Evaluation Argument: White Noise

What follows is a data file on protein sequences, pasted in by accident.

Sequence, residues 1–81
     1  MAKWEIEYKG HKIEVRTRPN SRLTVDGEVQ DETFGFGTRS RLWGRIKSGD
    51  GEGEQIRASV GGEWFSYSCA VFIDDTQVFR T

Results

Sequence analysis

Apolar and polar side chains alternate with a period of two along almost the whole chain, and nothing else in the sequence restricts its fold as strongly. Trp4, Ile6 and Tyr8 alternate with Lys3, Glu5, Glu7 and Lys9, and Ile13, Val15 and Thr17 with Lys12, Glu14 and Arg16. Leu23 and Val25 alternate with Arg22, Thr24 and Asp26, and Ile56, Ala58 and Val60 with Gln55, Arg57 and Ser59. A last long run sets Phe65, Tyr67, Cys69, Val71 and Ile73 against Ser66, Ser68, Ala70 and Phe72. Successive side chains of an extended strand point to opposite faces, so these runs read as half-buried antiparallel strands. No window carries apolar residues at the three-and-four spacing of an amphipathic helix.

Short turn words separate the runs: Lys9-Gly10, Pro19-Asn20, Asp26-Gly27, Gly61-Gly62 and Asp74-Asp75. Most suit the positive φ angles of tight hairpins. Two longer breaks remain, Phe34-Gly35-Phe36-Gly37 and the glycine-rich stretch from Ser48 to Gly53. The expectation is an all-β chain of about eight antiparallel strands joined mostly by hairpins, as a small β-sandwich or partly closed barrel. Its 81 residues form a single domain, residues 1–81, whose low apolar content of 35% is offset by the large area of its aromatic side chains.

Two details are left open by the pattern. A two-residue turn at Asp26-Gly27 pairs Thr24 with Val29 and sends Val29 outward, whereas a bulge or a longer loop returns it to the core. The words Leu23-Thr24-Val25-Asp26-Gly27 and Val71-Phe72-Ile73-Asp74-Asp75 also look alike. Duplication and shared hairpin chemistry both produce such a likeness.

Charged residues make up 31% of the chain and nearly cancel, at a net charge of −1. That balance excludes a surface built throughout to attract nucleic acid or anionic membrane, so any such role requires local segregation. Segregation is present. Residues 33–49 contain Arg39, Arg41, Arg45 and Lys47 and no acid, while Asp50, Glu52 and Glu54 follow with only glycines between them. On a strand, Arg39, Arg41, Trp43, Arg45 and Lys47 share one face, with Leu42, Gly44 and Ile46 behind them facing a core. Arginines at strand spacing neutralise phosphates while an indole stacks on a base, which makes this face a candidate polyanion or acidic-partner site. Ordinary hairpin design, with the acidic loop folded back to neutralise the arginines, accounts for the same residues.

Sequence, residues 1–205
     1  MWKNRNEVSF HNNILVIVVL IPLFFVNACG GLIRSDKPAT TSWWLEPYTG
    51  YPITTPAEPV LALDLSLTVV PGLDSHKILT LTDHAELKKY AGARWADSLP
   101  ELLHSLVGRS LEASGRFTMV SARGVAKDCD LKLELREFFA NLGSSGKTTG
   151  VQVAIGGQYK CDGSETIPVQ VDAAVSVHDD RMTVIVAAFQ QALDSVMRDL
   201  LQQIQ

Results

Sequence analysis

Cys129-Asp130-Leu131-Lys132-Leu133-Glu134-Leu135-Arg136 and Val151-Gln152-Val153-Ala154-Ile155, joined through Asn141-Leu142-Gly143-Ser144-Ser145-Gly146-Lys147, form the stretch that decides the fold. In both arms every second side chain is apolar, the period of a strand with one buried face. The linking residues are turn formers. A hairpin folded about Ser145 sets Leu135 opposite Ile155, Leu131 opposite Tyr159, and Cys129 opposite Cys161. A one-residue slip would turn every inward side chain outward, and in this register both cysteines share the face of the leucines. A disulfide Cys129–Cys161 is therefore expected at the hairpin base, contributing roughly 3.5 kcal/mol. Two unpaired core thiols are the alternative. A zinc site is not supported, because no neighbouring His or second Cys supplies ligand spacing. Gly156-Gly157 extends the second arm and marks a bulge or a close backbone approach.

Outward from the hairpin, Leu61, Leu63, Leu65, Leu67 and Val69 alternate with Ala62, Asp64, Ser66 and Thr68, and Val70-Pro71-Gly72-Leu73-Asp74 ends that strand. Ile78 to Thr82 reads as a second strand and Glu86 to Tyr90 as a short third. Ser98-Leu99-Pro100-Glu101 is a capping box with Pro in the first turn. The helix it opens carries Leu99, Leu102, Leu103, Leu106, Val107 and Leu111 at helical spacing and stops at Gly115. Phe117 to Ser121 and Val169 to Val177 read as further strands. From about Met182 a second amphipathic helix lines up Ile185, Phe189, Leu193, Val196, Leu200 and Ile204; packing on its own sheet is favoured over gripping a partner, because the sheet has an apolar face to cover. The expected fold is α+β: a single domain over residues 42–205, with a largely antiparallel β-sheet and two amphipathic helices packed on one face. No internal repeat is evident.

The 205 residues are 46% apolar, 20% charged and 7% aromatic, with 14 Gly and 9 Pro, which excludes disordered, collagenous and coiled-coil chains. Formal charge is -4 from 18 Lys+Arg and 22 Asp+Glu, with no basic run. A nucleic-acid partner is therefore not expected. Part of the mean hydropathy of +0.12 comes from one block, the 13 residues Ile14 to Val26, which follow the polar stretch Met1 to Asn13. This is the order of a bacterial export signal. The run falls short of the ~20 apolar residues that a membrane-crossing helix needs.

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Evaluation Argument: White Noise White Noise was directed by Geoffrey Sax and written by Niall Johnson. Together they wrote this film in hopes of creating a horror film based on the phenomenon of EVP, which stands for Electronic Voice Phenomenon. EVP is the belief that in the white noise of a denatured radio or a television it’s possible to hear or see the voices or faces of the dead (White Noise). In this film an architect, by the name of Jonathan Rivers, loses his wife, Anna, to some sort of mysterious accident. Raymond Price, a man who claims to have been contacted by his wife introduces Jonathan to this idea of EVP. Jonathan resents this idea at first and later after hearing his wife’s voice on a radio finds it an addiction. All he wants is to hear Anna’s voice. When Raymond is suspiciously killed, Jonathan goes out to buy/prepare his own equipment needed for EVP; little does he know there is more to EVP then just good. Jonathan finds out that he “sees” the dead before it happens and in the process of trying to save a missing woman, Mary Freeman, he comes in contact with the bad and discovers the real story behind the loss of his wife, Anna. Of course for a film to be considered a horror movie, it must match certain criteria. Though there are many different criteria that can be considered, three that I chose to evaluate are: Some sort of scare or shock that would cause the viewer to react, it should not come right out and bluntly state the horror, but rather imply or suggest it, and correct atmosphere and sounds should be present throughout the film. White Noise does fairly well at portraying these criteria, but is it enough to be considered a “good” horror film. For example in the very beginning of the movie Jonathan fell asleep at the counter waiting for his wife, Anna, to return home. He woke up abruptly and noticed the clock had stopped. When he reached
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